Many people are aware that they must plan for the succession of assets like their home, physical belongings and finances in estate plans. But what about those items that exist only in the digital world? Owned websites, accounts, content and digital items such as cryptocurrency can all be worth a significant amount in the digital age. Navigating the legal standards around the succession of digital assets can be an estate administration challenge for Ontario executors.
It is recommended that those working on their estate plans consider digital assets in the process. This includes any online account that is protected by login security. The most obvious of these might be email and social media accounts. However, significant assets could be housed in online bank accounts like PayPal, invoicing software, websites that bring in revenue and accounts that collect travel points. Additional to these so-called “cloud accounts” are passwords needed to access a person’s computer or phone.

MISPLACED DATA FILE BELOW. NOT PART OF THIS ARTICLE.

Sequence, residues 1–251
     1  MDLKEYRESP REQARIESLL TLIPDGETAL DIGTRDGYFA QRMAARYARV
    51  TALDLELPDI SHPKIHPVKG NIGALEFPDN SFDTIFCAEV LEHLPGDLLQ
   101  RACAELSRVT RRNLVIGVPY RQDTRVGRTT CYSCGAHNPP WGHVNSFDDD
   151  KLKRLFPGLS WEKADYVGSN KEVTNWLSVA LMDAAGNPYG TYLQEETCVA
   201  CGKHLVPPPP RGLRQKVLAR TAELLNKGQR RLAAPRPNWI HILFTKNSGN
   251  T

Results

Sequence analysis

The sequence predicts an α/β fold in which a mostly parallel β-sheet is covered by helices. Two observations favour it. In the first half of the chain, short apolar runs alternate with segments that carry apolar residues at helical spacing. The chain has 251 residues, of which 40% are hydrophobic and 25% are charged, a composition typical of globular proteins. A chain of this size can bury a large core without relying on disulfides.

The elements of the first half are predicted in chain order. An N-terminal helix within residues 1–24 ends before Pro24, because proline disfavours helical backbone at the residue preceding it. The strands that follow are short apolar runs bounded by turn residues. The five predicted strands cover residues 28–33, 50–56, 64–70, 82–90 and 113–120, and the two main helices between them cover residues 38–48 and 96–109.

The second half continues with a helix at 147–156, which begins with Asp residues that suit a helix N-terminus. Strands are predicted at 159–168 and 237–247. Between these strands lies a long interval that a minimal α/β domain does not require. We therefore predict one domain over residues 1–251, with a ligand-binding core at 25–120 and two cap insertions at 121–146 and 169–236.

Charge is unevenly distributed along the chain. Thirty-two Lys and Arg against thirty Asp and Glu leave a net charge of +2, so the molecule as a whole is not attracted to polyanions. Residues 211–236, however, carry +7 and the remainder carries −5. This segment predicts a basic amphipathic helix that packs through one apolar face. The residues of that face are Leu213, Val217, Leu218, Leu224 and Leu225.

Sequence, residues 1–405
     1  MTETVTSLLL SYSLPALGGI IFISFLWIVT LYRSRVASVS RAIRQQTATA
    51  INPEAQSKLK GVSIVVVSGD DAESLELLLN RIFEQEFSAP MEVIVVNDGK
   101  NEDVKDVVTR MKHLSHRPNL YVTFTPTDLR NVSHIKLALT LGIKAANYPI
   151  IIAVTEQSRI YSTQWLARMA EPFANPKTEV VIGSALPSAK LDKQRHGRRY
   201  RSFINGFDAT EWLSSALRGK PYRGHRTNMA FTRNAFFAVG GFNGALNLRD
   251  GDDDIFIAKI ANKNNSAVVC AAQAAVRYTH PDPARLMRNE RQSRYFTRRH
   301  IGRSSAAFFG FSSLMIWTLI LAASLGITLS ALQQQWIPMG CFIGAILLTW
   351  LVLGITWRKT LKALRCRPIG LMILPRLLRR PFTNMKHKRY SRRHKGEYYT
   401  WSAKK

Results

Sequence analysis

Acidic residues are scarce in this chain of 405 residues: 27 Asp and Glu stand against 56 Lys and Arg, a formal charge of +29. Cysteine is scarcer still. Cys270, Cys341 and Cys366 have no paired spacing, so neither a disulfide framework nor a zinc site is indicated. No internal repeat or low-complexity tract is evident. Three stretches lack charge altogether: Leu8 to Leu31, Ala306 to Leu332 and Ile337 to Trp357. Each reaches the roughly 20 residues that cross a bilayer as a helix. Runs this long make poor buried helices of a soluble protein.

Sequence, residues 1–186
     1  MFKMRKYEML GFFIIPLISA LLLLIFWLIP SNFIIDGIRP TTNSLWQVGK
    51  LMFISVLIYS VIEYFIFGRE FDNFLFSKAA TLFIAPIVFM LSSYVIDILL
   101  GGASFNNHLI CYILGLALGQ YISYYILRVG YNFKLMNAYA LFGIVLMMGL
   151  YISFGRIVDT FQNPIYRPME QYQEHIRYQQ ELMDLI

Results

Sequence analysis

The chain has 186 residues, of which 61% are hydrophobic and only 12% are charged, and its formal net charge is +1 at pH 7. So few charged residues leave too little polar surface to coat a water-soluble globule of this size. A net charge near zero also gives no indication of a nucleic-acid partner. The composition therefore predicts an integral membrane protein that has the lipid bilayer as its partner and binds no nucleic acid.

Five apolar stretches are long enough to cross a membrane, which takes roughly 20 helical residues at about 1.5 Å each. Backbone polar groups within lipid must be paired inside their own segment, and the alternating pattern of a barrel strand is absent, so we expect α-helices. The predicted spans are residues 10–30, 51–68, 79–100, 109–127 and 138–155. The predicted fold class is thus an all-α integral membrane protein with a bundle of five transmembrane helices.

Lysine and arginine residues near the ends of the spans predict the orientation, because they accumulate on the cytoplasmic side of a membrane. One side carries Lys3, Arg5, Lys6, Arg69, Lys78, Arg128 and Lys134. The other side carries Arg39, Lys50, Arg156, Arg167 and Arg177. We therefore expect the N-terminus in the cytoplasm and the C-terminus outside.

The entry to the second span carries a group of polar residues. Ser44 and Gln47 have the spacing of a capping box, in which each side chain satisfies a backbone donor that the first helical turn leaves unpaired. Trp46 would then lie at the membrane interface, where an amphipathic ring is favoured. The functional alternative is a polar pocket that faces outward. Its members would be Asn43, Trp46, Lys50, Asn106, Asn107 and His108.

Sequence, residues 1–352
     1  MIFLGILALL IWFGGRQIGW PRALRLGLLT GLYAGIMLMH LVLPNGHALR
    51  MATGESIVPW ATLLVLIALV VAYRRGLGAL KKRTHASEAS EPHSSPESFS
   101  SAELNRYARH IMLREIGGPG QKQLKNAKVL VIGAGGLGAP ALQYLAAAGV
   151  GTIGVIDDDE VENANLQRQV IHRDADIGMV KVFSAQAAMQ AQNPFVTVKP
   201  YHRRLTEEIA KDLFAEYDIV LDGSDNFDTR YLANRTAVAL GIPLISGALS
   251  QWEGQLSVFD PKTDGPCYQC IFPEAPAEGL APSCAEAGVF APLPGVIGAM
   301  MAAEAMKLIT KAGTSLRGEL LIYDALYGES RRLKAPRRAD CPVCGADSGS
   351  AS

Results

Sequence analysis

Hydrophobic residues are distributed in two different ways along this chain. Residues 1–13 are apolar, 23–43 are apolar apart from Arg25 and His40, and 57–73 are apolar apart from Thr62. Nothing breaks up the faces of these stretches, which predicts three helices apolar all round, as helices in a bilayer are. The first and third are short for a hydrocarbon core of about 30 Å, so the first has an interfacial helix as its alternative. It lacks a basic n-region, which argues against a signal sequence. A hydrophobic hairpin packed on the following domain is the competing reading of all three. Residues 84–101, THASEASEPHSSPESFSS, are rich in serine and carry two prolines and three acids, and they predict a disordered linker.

It is recommended that those developing an estate plan create an inventory of these digital assets as well as clear access instructions. Digital liabilities, such as automatic payments from credit or debit cards, should also be considered. Along with login details, account information such as a user name, account number and security question answers will be needed.
Of course, this document can pose a major security risk in the wrong hands. A trusted Ontario lawyer can house these documents until they are needed for the estate administration process. A lawyer can also help to clarify any legally dicey issues related to digital assets, as many people have questions on this topic during the process.